First let's say nice things about Ron Wyden -- a lawmaker who actually understands a complex issue and tries to actually fix things related to it. Boy, could all nations, not just the US, use more like him.
Second, the problem addressed here is MUCH more difficult than most folks seem to think. The US government is **HUGE**. If we exclude the military and postal service, it has around 2,000,000 employees. And that doesn't count hundreds of thousands of contractors hired to do one time jobs or ten million state and municipal government employees the feds may have to interface with. Or the incredibly awful "free market" healthcare "system" that manages to consume 20% of the country's GDP. There are many millions of computers involved -- many of them second or third generation hand me downs from long defunct projects. Probably there are some AT bus 8086s running WFWG still alive here and there and doing useful work. Did I mention that budgets in that world are always tight?
And don't forget that in much of rural America, the "Information superhighway" is a rutted muddy track, barely capable of supporting a 32K modem on good days. There are government employees with computers at the ends of some of those information footpaths.
If you're going to exchange sensitive information in that world, the folks on both ends have to have compatible tools. And they have to know how to use them. BTW, the laws of mathematics pretty much guarantee that the average government computer user has an IQ around 100, and that some have lower IQs.
All Wyden is suggesting is that the National Institute of Standards and Technology try to come up with standards for government information handling that are a bit better than .ZIP. It's far from clear that can even be done. Or what the time frame for implementing such standards would be.
Whilst I agree it isn't easy, I think you are being a bit hard there. What the available network speed is should be irrelevant - if zip files can transfer it then some other properly encrypted archive can also be transferred (possibly with either better compression).
There are plenty of existing tools available that should solve this problem - many of them small, cross platform, low power and open source. So in theory there shouldn't be any real burden on existing even if old hardware as long as the right choices are made and take these requirements into consideration. Ok that's a big if.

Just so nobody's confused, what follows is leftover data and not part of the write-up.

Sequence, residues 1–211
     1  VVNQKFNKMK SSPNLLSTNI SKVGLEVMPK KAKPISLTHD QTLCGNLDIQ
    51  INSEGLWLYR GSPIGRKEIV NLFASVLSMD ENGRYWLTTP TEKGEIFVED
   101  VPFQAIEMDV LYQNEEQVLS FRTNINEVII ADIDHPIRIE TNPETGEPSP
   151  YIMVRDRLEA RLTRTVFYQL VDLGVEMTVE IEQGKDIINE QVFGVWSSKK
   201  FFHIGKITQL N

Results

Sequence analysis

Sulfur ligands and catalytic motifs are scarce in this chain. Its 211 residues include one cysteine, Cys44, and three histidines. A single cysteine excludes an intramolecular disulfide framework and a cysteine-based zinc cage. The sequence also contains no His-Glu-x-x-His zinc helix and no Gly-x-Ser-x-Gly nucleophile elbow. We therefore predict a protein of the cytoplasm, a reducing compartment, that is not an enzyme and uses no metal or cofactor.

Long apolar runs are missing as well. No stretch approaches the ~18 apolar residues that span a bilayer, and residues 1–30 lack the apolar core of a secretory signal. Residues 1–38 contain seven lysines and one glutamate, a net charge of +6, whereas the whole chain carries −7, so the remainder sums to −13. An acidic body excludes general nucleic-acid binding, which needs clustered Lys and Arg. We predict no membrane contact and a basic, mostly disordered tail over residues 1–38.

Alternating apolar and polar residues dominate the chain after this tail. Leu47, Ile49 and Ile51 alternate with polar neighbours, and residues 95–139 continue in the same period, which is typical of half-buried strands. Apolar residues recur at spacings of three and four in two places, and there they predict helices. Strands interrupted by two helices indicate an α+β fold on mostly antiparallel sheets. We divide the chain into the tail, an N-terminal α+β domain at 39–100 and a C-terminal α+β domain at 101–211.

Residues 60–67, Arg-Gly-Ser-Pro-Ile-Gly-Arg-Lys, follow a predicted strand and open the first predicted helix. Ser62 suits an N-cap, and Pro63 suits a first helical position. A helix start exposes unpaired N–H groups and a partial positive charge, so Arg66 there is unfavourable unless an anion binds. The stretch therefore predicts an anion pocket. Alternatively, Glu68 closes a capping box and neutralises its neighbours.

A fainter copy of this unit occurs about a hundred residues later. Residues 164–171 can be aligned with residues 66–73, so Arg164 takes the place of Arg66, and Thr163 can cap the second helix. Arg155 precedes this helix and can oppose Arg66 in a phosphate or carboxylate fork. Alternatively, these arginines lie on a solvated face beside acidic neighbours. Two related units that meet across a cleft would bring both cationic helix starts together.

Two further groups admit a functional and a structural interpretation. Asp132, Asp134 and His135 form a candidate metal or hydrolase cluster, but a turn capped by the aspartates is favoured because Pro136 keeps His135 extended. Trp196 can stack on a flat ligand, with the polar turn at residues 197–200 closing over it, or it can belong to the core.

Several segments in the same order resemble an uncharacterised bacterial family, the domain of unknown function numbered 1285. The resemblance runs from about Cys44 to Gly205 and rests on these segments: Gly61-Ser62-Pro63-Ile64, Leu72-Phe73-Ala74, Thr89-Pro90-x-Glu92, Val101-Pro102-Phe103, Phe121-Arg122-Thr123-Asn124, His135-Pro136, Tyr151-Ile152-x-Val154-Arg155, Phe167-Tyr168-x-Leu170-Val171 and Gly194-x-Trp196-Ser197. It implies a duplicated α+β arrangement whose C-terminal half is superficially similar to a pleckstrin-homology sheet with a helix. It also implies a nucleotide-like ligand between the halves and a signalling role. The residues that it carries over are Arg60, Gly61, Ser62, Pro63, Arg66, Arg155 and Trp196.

I think where you do have it right is the fact you are dealing with such a large number of end users with ranging abilities, and likely refusals to put any effort into changing away from something that seems to work. The hard part is making it so the tools are so simple and easy to use that minimal training is needed, and getting it coordinated across such large estates.
So probably a multi billion government project which will end in failure then..
>"I write to ask that NIST create and publish guidance describing how individuals and organizations can safely share sensitive documents with others over the internet," Silicon Ron urged. "Government agencies routinely share and receive sensitive data through insecure methods – such as emailing .zip files – because employees are not provided the tools and training to do so safely."
"The government must ensure that federal workers have the tools and training they need to safely share sensitive data,"
From this I take it that the US doesn't have pre-existing guidelines for secure inter-department communications, specifically, they don't go over the public internet except via 256-bit PKI encrypted site-to-site VPNs (which in turn may be over 256-bit PKI encrypted VPN). Perhaps they need to visit the UK - with IR35 (and more debatably BREXIT) there are plenty of well-experienced experts who would be will to advise and oversee the deployment...
The only issue I can see is where ad-hoc baseline security communications go outside of the government, to contractors/members of the public (if it were higher grade then see note about VPN). As here individual government employees would need to be aware of the need to encrypt the individual attachment, the use of suitable keys/password and then communicate the password/key to the recepient. But then this issue is largely solved by having the receipient create their own government account which they access via HTTPS etc etc.